The disciples asked Jesus, ‘Why, then, do the scribes say that Elijah must come first?’ He replied, ‘Elijah is indeed coming and will restore all things; but I tell you that Elijah has already come, and they did not recognize him, but they did to him whatever they pleased. So also the Son of Man is about to suffer at their hands.’ Then the disciples understood that he was speaking to them about John the Baptist.
The Jewish scriptures (our Old Testament) has many accounts of the ancient prophets. A simple definition of a prophet could well be: someone chosen by God to speak for God. The job of the prophet, no matter how challenging the times and the circumstances, was to accurately pass on God’s message to humanity. There was no specific training for this role, and there were no qualifications needed, other than being chosen by God.
As Jews looked back into their own history, they saw the prophets as being important signposts for God’s will and for the future God planned for this world. Unfortunately, as in their own time, the message of the prophets became distorted. Those chosen by God to speak for God conveyed a difficult message. What they gave as the ‘word of God’ was seen as challenging comfortable and profitable lifestyles. Their message was seen as having potential for overturning the status quo. The message of the prophets demanded ‘change’, which everyone knows as being such a difficult concept.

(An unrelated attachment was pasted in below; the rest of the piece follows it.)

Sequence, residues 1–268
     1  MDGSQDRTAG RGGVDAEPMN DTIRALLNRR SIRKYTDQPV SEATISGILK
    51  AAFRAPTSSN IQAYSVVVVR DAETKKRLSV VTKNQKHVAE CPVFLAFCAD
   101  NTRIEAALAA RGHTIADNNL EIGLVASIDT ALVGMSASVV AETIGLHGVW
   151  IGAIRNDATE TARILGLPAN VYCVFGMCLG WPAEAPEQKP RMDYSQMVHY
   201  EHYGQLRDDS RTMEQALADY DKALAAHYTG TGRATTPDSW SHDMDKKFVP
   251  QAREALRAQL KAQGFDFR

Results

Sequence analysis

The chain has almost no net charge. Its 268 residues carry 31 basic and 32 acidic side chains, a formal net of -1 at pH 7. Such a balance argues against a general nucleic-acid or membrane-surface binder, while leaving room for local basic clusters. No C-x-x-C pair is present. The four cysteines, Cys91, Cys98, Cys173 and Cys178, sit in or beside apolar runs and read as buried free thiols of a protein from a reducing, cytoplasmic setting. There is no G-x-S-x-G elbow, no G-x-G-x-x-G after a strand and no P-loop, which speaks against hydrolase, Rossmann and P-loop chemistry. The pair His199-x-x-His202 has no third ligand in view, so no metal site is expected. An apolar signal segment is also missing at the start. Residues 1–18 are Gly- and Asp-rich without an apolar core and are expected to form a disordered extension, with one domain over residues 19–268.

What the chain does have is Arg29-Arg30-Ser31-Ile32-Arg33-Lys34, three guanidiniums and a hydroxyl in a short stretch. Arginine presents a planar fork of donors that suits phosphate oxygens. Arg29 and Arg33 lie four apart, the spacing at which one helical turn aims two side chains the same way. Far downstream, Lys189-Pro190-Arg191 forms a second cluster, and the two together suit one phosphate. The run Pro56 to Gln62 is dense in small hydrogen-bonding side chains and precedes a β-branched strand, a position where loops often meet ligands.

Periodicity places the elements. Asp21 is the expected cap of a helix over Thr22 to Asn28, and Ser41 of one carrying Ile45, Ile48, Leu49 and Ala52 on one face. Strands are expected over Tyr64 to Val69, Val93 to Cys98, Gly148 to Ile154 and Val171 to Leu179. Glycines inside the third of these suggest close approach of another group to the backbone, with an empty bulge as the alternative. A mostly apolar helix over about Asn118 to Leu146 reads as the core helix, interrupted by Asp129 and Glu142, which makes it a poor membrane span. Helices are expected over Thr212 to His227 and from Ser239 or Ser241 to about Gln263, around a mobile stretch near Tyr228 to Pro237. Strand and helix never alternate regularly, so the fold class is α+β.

In today’s short reading from Matthew’s gospel, Jesus is being questioned about the role of the prophets in those later times. Jewish teaching and tradition dictated that the great prophet Elijah would return to restore the equilibrium of a good relationship between God and humanity. Jesus gave his disciples the shocking news that the second coming of Elijah had already taken place, and that nobody had noticed it happening.
When Elijah’s earthly life came to its end, we read of a chariot of fire and horses … and Elijah [ascending] in a whirlwind into heaven (2 Kings 2:11). After such a dramatic exit they expected more than the frugal and penitential John the Baptist as Elijah’s return. They expected and wanted great heavenly fanfares and angels and chariots of fire, and absolutely everything heaven could throw at them. What they got was a man who spent much of his time in the wilderness and who called on everyone to turn from their old ways. Similarly, they expected the Messiah foretold by the ancient prophets to come in the form of a great warrior king. They were not ready for the loving and serving Messiah we see in Jesus.
Our message for today is about the prophetic nature of our calling. Jesus called us ‘friends’. The intimacy of that relationship makes it clear that we are all called into a prophetic ministry. We are all chosen by God to speak for God. The big question for all of us is how we will, in our time, account for our response to that call to the God who chose us? Or will we have to give an account of why we were in the crowd shouting: Crucify him!